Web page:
File for Divorce in Ashland County, Wisconsin (WI) | Divorce in Ashland County

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Online Divorce in Ashland County

divorce in Ashland County

Please note: in Ashland County, Wisconsin, is a divorce document preparation service, not a law firm. Online Divorce is not eligible to provide legal advice. All the information below is for informational purposes only.

Each US state follows its own marriage and divorce laws with legal nuances varying from county to county. Although Wisconsin State Law provides a basic structure for divorce, it can differ somewhat for each of the state’s 72 counties. That is why couples on the brink of a divorce appreciate some help with the intricacies of family law in Ashland County.

Nowadays, many married couples getting a divorce are well aware that they do not necessarily need to hire an attorney to file a divorce petition at a local courthouse. You can choose to have a DIY divorce, which is usually a fast, cheap, and simple way to get divorced and rather inexpensive.

To do so, you need two things. First, make sure that you and your spouse agree to have an uncontested divorce. No contest means that the spouses are able to iron out their differences before they go to the court. Besides, an uncontested divorce is the easiest way to get a divorce in Ashland County because a divorce case does not go to trial and does not take longer time.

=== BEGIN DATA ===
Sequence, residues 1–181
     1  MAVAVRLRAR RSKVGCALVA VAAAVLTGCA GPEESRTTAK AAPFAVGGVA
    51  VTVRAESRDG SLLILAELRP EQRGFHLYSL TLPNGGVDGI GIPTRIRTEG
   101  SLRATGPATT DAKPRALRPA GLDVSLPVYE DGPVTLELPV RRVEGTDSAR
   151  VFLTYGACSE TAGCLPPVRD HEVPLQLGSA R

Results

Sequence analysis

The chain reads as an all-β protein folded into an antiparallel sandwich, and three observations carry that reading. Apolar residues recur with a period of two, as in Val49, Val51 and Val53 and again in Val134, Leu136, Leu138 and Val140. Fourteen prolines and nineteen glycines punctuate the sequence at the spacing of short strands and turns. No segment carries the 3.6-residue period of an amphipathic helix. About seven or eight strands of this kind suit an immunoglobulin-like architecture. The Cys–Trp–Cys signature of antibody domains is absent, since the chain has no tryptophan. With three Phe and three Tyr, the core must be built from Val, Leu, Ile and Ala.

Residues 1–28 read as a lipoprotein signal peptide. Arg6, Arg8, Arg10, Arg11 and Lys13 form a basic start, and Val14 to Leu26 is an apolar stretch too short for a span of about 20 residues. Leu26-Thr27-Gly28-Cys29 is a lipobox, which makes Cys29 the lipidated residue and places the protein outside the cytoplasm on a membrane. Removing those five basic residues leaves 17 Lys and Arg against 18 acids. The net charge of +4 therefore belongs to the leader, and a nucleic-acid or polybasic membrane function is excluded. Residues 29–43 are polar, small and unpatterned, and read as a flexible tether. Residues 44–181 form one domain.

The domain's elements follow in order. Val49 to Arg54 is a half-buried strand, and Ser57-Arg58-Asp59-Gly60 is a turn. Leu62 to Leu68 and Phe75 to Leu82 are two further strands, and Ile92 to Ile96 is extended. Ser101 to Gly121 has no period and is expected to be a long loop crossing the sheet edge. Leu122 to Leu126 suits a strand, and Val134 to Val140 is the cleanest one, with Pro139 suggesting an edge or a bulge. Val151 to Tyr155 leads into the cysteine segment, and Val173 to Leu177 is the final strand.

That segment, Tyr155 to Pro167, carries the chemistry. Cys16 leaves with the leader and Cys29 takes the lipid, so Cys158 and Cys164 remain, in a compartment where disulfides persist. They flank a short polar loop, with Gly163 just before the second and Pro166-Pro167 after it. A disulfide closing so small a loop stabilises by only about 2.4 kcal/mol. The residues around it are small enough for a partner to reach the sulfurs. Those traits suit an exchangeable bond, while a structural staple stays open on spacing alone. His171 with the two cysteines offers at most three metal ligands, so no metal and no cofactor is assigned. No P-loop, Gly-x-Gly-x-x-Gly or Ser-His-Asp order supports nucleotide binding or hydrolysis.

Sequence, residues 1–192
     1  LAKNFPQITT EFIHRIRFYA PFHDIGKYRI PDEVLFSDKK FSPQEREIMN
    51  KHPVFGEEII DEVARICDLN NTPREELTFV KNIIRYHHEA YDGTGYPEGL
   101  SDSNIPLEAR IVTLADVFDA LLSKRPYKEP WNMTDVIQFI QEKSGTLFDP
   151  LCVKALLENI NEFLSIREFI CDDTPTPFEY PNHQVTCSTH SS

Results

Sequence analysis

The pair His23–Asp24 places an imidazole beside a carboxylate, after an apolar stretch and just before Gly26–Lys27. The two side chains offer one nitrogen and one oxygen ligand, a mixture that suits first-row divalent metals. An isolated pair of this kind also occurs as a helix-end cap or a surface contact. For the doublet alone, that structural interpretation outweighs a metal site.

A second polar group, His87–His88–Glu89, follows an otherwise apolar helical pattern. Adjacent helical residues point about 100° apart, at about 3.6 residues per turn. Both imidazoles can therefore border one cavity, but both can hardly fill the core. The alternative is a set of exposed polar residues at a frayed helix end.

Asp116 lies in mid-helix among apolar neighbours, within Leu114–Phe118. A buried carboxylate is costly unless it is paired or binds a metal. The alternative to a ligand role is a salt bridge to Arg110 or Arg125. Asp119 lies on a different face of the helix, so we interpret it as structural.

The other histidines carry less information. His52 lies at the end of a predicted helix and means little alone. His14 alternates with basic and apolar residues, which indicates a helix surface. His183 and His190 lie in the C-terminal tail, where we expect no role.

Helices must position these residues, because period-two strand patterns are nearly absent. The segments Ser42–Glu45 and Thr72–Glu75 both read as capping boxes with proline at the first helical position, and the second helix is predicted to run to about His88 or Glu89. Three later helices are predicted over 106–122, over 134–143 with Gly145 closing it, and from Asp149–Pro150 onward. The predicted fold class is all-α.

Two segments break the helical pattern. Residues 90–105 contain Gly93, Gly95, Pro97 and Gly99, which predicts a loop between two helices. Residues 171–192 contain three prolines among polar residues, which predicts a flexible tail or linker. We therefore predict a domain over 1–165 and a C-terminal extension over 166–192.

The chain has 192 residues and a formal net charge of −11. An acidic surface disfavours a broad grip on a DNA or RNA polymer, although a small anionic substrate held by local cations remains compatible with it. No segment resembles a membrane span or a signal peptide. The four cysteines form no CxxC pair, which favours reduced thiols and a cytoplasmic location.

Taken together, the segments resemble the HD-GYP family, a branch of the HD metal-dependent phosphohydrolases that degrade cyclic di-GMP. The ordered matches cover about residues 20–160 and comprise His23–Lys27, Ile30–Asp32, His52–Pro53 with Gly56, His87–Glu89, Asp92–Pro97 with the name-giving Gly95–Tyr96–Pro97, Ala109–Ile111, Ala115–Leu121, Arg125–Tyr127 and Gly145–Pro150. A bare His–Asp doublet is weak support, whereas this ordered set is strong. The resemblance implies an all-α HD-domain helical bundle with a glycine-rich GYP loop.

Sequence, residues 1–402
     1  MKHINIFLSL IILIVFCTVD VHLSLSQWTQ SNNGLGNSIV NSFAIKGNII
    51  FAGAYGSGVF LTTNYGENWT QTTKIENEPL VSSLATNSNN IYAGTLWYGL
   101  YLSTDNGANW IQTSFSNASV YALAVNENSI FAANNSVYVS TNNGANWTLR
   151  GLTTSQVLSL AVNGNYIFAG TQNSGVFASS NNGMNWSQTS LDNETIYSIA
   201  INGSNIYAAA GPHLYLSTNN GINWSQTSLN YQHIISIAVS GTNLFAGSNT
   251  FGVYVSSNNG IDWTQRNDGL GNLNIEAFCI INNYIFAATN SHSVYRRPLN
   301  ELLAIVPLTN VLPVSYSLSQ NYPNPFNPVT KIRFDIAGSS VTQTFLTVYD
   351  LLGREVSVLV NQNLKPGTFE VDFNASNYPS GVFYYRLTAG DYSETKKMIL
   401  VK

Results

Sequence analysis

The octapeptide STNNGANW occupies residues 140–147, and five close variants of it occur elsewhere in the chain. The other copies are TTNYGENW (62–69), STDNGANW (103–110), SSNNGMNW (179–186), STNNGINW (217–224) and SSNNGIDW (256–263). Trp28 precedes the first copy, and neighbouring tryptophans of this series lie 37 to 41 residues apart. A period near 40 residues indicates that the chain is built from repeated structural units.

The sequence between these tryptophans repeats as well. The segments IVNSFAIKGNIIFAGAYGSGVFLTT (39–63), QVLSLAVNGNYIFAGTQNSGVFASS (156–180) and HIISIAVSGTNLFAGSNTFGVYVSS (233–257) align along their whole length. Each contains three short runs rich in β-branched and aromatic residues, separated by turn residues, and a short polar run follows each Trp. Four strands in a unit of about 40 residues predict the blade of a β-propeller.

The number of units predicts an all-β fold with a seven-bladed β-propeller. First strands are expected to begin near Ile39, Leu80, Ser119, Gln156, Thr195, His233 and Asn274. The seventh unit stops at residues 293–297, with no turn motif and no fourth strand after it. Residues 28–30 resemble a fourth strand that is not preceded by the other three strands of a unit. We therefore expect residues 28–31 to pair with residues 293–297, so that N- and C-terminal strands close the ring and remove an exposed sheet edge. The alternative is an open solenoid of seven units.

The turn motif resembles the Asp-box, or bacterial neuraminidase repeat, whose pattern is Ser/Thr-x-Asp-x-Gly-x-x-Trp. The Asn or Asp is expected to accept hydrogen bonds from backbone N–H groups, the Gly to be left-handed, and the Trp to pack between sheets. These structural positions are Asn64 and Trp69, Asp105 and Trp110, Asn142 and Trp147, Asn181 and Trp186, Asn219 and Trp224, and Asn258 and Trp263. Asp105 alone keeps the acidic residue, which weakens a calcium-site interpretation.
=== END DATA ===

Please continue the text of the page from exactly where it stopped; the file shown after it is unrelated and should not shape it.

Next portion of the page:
Second, educate yourself on nuances and intricacies of the divorce process in Ashland County. In this, you will need some guidance with completing the divorce paperwork.

If you are pursuing a divorce by yourself, it is important to have a general grasp of what is ahead of you in terms of court proceedings and completing the necessary paperwork. Choosing to proceed without a lawyer, you must familiarize yourself with court procedures, family law, and the average cost and length of divorce process.

Even if you know all the steps to do your own divorce, you can still seek legal aid or hire an attorney for some specific tasks (e.g. marital settlement agreement). The general rule of thumb is that the fewer ties the spouses have, the easier their divorce is. If you have no minor children and very few marital assets, there is basically nothing that needs to be divided. So handling the divorce paperwork and court proceedings on your own, without an attorney, will be pretty easy.